Reclaiming the history and memory of the country Counter-archives in the struggle against forgetting

Colonial history: Didi Cheeka in the interview
Didi Cheeka in the interview | © Goethe-Institut

Didi Cheeka has rescued the previously abandoned Nigerian national film archives and developed them into a sort of “counter-archives”. We talked to him about how to handle colonial films and the search for a nation’s forgotten history.

By Teresa Althen

Didi Cheeka is a Nigerian director and film critic as well as an, as he puts it, “accidental archivist”. When he found remnants of the national and colonial film archives in Lagos, he launched a project entitled “Reclaiming History, Unveiling Memory” with the object of preserving, digitizing and curating rediscovered Nigerian films. He also founded the Lagos Film Society and the first Berlin and Lagos Archival Film Festival.

Cheeka stresses how important it is for Nigeria to reclaim these archives and, in so doing, the history and memory of his country. He demands the restitution of the photographs and films shot during the colonial era in Nigeria without the subjects’ consent so that Nigerian society can discuss the country’s history on the basis of this material: “We want an archive that is no longer considered some dusty place in which only old bearded white men work.”

Cheeka objects to the very notion of “post-colonialism”. As he sees it, colonialism is not a historical category: on the contrary, colonial structures have never ceased to exist. The terms post-, de- and anti-colonialism tend to reduce African and other formerly colonized countries to colonialism. He calls for more open-ended discussions, including discussions about archival categorization, which are essential to changing the prevailing power structures. The colonial reference in and of itself is a form of colonial imposition. Cheeka is convinced that this can be done differently and he has made it his mission to bring about change.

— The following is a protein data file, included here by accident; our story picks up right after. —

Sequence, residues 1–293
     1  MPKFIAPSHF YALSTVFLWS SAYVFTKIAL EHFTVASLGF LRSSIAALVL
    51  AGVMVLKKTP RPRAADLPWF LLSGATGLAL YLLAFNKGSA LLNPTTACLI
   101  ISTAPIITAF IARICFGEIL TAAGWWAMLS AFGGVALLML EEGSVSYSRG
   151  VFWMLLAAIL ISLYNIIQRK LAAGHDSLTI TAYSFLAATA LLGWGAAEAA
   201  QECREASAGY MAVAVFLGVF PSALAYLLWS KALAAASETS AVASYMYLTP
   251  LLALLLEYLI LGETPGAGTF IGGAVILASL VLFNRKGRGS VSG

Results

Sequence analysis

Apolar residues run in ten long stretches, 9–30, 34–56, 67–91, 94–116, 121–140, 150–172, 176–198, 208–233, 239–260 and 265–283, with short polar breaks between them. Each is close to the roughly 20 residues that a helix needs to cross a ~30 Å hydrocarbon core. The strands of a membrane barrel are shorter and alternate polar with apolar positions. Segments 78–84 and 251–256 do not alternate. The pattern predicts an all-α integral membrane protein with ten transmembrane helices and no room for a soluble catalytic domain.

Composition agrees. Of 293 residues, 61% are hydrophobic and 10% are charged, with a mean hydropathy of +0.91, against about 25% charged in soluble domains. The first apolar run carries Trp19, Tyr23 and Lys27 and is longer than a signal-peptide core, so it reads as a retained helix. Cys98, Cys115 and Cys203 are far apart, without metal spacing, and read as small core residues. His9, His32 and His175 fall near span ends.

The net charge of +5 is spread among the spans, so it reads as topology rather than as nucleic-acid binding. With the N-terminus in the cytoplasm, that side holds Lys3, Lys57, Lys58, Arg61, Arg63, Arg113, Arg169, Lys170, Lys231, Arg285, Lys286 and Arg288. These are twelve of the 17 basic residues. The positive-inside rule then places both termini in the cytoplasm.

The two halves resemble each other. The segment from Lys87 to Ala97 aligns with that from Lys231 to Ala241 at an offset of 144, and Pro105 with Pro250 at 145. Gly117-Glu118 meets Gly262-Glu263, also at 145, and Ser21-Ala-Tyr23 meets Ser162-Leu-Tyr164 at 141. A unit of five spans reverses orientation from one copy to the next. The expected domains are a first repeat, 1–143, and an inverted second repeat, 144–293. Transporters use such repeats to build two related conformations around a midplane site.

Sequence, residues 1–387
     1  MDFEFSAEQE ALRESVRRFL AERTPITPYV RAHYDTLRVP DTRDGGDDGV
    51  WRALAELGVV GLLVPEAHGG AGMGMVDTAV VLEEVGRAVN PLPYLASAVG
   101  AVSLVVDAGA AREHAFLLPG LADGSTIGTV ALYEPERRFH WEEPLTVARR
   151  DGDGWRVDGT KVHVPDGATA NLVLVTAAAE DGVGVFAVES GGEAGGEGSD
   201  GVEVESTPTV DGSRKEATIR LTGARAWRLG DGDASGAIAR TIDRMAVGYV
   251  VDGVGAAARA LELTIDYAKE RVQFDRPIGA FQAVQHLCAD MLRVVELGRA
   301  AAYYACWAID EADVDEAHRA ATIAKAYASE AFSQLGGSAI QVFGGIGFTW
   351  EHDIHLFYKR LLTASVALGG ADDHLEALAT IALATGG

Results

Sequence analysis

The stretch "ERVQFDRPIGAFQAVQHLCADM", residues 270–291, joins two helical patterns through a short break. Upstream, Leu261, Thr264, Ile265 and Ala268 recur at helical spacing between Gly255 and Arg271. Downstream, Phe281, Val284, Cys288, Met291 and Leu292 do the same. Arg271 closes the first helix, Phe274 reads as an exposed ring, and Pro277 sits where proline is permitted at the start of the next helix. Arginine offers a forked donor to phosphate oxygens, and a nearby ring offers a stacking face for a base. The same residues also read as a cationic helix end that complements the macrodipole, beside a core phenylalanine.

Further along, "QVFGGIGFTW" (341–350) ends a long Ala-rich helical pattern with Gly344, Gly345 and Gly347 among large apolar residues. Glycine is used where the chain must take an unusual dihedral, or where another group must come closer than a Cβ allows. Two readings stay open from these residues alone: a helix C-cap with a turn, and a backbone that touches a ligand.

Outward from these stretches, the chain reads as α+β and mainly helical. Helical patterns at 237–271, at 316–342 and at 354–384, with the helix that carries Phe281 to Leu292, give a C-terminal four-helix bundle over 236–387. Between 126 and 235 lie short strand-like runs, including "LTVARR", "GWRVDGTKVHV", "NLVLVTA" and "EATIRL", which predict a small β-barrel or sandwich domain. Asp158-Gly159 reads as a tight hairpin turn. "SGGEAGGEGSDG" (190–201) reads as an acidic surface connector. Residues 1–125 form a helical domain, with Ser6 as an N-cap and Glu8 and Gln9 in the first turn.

(DE)COLONIAL FILM ARCHIVES

Most of the documentary films made in colonial contexts are now kept in European archives. And only a fraction of that footage was shot from the perspective of the colonized themselves. So to whom does this material really belong? To whom should it be accessible – and how? Why are some of these archives left to gather dust and what can be done about that? Archivists and filmmakers who work with archival footage address these questions in the following interviews.